MDE Enterprises, Inc. is an IT manager training and development company started in 2000 with a simple mission – “helping IT managers of the world achieve more™ success”.
Thousands of IT managers in all parts of the world use our practical IT management processes and tools.
Mike Sisco is the President of MDE and author of ITLever. His IT manager training programs and resources are based upon over 20 years of successful IT management and CIO experience.
The IT Lever Blog is a venue for us to reach our vast audience of IT managers and company executives from all parts of the world as we strive to provide practical insights, tips, and tools to help you manage technology resources more productively and effectively.
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MDE Enterprises, Inc.
“helping IT managers of the world achieve more™ success”
3300 Stillcorn Ridge Road
Columbia, TN 38401
Web site: itmanagerinstitute.com
Mike, do you have training programs for Cloud Computing services outsourcing management for IT managers?
Unfortunately, I don’t offer specific classes that focus on cloud services. It might be something to focus on later but for now I’ll leave it to others who are in that space already.
Thank you for your comment and best of success.
I have found that the resume’s of most of the CIO/IT Heads is very technical oriented and is not business oriented. We tend to highlight a lot about technology and the platforms used. Could you give us pointers/guidelines which should be followed for making the resume business oriented.
Bikram, I would load up the resume with results I’ve obtained and benefits that give the interviewer reasons as to why the would want to hire me.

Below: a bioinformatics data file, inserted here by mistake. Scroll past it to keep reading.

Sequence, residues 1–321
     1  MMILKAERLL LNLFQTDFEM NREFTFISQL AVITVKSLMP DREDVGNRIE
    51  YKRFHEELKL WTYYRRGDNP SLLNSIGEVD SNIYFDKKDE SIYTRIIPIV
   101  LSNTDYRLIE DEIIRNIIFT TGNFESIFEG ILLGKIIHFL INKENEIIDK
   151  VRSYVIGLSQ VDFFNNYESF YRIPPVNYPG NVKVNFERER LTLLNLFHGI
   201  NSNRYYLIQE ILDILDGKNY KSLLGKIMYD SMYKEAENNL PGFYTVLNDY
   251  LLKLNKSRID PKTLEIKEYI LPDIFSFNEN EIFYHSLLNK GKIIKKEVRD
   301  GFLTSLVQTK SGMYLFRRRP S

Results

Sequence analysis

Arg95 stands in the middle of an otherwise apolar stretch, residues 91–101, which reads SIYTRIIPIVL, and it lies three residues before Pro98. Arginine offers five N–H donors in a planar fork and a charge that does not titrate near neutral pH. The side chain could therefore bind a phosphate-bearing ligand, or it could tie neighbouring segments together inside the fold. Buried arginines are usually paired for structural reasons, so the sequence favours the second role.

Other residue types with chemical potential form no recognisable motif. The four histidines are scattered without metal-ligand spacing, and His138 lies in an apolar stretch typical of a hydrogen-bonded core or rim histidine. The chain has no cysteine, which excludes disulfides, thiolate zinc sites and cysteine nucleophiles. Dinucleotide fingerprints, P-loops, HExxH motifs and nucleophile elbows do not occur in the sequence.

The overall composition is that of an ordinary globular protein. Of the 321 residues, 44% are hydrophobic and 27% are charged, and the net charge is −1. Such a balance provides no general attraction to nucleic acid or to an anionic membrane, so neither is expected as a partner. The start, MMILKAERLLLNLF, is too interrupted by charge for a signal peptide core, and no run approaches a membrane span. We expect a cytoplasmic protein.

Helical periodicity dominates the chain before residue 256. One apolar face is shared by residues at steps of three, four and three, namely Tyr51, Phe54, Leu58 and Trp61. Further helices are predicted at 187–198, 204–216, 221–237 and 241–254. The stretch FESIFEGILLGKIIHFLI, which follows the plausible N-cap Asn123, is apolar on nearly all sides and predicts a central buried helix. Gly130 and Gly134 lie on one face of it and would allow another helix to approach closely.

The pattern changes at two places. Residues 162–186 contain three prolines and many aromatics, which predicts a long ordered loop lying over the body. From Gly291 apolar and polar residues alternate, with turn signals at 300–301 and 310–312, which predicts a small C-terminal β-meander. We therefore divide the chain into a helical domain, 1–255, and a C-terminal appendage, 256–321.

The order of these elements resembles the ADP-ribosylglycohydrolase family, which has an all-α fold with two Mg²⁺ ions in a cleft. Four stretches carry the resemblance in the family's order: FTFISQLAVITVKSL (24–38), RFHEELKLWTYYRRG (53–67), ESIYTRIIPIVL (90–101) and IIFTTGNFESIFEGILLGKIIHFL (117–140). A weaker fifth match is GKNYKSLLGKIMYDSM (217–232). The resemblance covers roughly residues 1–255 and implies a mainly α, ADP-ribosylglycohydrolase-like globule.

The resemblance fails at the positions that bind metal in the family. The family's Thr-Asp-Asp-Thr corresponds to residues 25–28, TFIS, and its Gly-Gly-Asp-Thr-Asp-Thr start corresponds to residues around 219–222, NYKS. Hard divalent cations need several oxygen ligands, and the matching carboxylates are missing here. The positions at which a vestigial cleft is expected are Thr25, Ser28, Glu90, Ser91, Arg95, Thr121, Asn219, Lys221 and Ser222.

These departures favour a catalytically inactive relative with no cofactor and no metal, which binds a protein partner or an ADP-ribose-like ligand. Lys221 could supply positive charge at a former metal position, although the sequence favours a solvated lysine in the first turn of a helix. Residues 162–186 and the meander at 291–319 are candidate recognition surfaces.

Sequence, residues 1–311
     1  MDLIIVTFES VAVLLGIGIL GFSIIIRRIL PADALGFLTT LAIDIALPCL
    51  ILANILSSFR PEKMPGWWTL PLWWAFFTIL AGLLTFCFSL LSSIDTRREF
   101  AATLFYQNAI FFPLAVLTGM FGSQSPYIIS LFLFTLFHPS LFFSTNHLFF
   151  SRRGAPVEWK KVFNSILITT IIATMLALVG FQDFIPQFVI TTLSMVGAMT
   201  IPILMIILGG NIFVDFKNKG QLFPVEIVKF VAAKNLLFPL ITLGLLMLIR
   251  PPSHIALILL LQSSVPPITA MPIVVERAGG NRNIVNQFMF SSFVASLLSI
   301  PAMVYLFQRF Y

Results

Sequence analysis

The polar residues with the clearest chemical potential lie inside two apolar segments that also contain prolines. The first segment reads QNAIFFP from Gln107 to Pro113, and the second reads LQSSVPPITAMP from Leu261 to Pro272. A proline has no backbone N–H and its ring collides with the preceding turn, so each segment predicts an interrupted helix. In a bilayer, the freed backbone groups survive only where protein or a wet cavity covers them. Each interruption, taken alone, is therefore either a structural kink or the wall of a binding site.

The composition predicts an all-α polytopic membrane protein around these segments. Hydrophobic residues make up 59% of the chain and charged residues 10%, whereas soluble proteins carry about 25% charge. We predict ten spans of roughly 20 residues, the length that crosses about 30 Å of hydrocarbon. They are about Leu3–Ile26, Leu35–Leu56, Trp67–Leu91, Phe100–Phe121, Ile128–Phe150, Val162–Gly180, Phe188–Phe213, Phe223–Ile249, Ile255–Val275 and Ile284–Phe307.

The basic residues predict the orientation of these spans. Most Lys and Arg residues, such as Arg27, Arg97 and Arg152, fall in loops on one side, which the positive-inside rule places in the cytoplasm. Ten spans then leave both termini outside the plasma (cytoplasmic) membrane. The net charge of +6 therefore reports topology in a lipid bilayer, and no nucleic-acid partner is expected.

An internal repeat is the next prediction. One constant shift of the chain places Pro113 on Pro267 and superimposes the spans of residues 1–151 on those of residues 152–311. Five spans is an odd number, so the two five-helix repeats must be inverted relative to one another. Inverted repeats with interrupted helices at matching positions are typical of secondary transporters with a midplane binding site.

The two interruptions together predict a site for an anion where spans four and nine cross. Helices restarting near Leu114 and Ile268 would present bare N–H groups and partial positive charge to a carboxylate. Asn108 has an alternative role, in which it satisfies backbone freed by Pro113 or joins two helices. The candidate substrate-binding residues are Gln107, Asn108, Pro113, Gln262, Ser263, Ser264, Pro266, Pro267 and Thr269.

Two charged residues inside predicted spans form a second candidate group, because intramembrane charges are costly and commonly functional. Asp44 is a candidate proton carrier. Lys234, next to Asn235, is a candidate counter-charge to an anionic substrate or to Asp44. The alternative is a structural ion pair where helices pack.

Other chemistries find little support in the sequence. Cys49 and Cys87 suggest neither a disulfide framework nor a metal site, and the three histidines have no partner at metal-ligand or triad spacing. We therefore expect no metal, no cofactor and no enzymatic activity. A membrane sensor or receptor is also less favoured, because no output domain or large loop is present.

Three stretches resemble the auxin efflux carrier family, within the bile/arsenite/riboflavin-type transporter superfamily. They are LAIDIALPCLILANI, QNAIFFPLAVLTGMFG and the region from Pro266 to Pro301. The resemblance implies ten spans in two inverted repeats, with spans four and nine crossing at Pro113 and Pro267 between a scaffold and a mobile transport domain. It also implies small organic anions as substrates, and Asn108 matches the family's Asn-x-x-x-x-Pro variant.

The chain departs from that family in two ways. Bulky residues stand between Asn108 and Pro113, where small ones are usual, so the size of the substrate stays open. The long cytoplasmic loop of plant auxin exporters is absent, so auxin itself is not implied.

Your new manager is either a senior IT executive or one of the company officers (CEO, CFO, etc.). If it’s a company officer, they don’t really understand nor appreciate the great technical background you might have. It’s also true of a CIO who might be interviewing you, , , the really good CIO’s do not just focus on technology, , , they deliver business value.
Load your resume with business value achievements and what it did for your company, not technology knowledge. Business managers are looking for people who can get the results.
The resume of a CIO/Head IT would be viewed by the CEO or the HR and we need to ask ourselves what sense will this make to a CEO reading it and wanting to hire you as a CIO ? The best advise that i was given was that i should try being a CEO and read the resume and then answer will you hire yourself at the CIO ?
If the resume is full of technology and terms that mean nothing to the CEO or even HR. This will probably not get attention from large companies, they have choice. The small and mid-size companies will be enamored by the terms; that does not give you the opportunity a Senior IT Professional will be seeking.
The challenge that most CIO/IT Heads’s are facing is that how to tone down the technical flavour and bring in business benefits to make their resume’s business focussed.
Could you please share with us some sample resumes of CIO’s which we could use to restructure our existing resumes.
Also inputs from other readers is more than welcome.
I have been asked to review and approve a Global Governance Committee Management Policy which is based own making decisions by committee using input from s Working Committee.
Committee decision making usually does not happen or it happens too late to drive the work that needs to be done.
What do you think of Committee decision making and/or problem solving. What would be required to ensure Committee success?
I agree that committees tend to take longer and are potentially not as responsive as you need to be. It all depends on what you create a committee to do and the guidelines you establish for its mode of operation.